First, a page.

More Child Abuse Claims Leveled against Long-ago Jesuit High School Janitor Duo

By Ramon Antonio Vargas
July 3, 2020

Another man has come forward and added to claims of child molestation decades ago by janitors at Jesuit High School’s Mid-City campus.

The plaintiff, under a pseudonym, filed a lawsuit Thursday at Civil District Court demanding damages from Jesuit and the religious order that runs the school over abuse that he claims to have suffered at the hands of Gary Sanchez and the late Peter Modica.

The case comes about five months after the school and the order reached financial settlements with two other plaintiffs, one who claimed abuse by Modica and the other who alleged that both Modica and Sanchez molested him.

A Jesuit spokesman declined comment, citing a school policy against discussing pending litigation. He said the school is saddened “by any stories of abuse” and is committed to a process by which claimants can come forward.

Echoing earlier filings, the new suit said Modica and Sanchez used their campus access to prey on their victims. Modica worked at Jesuit even though he had pleaded guilty in 1963 to molesting boys at a Metairie playground he supervised. Sanchez had been charged with sexually abusing a girl around 1976 in a case whose outcome remains unknown.

Like prior plaintiffs, the new claimant says he didn’t attend Jesuit but lived nearby and would play in the school’s yard.

The plaintiff says he was roughly 9 — in 1974 — when Modica approached him, bearing treats. Eventually, Modica fondled the boy’s genitals and performed oral sex on him, the lawsuit said.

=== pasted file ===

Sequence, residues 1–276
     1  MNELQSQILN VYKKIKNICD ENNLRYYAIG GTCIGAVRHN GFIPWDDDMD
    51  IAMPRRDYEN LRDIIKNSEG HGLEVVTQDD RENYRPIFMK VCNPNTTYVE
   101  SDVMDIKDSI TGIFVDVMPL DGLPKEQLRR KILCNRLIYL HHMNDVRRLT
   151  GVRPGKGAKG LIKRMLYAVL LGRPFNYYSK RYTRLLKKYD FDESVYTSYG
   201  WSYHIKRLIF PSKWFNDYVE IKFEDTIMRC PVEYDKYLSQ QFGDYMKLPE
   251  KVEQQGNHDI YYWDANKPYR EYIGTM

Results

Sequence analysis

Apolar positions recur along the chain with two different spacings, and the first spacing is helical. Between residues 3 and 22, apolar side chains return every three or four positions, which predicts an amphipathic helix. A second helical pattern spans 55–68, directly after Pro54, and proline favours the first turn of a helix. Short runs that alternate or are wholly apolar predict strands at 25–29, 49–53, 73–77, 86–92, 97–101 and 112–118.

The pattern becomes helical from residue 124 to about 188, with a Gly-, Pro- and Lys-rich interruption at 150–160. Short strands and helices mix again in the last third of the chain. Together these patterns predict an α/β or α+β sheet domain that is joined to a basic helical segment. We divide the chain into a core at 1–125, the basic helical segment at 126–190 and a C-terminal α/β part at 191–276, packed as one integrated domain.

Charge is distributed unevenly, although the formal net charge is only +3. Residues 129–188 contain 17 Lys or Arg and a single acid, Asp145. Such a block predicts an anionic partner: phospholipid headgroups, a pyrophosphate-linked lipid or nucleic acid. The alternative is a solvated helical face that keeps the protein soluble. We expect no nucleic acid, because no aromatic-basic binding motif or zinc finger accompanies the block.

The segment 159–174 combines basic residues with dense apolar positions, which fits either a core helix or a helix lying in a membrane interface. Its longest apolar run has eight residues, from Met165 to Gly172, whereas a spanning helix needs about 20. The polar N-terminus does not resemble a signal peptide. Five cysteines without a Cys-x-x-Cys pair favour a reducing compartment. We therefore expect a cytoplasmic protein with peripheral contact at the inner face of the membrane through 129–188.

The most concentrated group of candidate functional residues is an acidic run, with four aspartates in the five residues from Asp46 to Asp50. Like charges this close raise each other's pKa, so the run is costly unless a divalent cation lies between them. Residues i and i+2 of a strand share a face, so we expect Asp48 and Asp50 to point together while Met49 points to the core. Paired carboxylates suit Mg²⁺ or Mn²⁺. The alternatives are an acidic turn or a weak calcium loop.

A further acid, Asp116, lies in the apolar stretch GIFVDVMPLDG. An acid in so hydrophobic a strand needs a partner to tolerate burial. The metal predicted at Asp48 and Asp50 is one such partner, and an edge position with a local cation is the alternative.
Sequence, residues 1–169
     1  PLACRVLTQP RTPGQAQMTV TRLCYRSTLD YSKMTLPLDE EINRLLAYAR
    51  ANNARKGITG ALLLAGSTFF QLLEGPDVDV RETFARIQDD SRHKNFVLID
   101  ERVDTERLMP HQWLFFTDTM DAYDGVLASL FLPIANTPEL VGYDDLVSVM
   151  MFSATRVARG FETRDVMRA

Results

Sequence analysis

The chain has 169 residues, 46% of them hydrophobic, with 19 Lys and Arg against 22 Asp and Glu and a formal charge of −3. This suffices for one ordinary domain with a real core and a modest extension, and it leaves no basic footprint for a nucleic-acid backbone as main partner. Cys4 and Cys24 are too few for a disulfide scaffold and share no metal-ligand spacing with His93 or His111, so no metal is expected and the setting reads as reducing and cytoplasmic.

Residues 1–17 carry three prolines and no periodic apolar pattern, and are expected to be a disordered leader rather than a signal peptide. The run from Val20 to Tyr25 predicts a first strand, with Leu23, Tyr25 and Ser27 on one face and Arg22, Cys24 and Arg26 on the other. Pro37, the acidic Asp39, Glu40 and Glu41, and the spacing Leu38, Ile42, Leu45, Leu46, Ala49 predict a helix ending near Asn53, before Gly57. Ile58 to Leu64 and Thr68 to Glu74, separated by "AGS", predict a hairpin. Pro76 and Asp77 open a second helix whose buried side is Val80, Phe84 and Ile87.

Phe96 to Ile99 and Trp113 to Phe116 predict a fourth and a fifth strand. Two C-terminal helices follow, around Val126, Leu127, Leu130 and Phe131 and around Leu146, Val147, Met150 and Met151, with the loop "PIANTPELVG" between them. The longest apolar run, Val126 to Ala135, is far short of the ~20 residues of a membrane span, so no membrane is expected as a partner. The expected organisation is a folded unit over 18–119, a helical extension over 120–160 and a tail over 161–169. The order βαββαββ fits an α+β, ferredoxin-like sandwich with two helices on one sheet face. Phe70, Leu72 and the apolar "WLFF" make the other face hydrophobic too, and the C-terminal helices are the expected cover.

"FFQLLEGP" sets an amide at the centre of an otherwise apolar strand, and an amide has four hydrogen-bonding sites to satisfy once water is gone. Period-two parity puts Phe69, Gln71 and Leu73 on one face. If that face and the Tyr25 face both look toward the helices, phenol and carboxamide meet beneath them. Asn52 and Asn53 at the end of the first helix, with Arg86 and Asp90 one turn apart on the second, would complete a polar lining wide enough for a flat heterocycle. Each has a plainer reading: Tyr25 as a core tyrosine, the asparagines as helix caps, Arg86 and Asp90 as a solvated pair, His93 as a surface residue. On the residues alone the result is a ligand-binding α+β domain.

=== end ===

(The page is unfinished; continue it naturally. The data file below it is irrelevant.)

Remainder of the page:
Sanchez introduced himself as a Modica co-worker a couple years later, ingratiating himself to the plaintiff through marijuana, beer and pornography. Sanchez eventually abused the boy as well.

New Orleans police detectives at one point did question him while investigating Sanchez. The plaintiff said he told a friend of Sanchez's abuse but denied it to the cops out of fear. Sanchez ended that case by pleading guilty to simple rape of another victim and received probation.

The plaintiff also found it odd he was never asked about Modica. The lawsuit claims that Modica was being protected by — and was friends with — the case’s lead investigator: Stanley Burkhardt, who has since been unmasked as a child abuser himself.

Last August, a news article about an abusive priest at the plaintiff’s high school stirred up memories, according to the suit. The next month, a newspaper article about the plaintiff who accused Modica and Sanchez of abusing him in the 1970s also caught his attention.

Though Modica had died, Sanchez was alive, the plaintiff realized. Sanchez was serving a 30-year prison sentence he received in 2003 after pleading guilty to attempting to rape a 5-year-old boy.

That convinced the plaintiff to come forward, and he hired attorneys John Denenea and Soren Gisleson, who represent numerous church abuse claimants.

Louisiana’s statutes of limitation generally prohibit plaintiffs from pursuing damages for long-ago harm. But the plaintiff’s lawsuit contends those should not apply because it wasn’t until September 2018 that Jesuit acknowledged settling sex abuse claims involving the school’s personnel.

That’s when Richard Windmann spoke out about how — while growing up near Jesuit — he was abused on campus in the mid-1970s by Modica and priest Neil Carr. The order ultimately acknowledged that Carr was one of a number of priests, teachers studying to become clergy, and religious brothers who faced credible child molestation allegations at the school.

Had Jesuit been transparent earlier, the plaintiff “would have been able to come forward much sooner,” the lawsuit argued.

Jesuit is not run by the Archdiocese of New Orleans, which on May 1 filed for Chapter 11 bankruptcy protections, halting several lawsuits against it.








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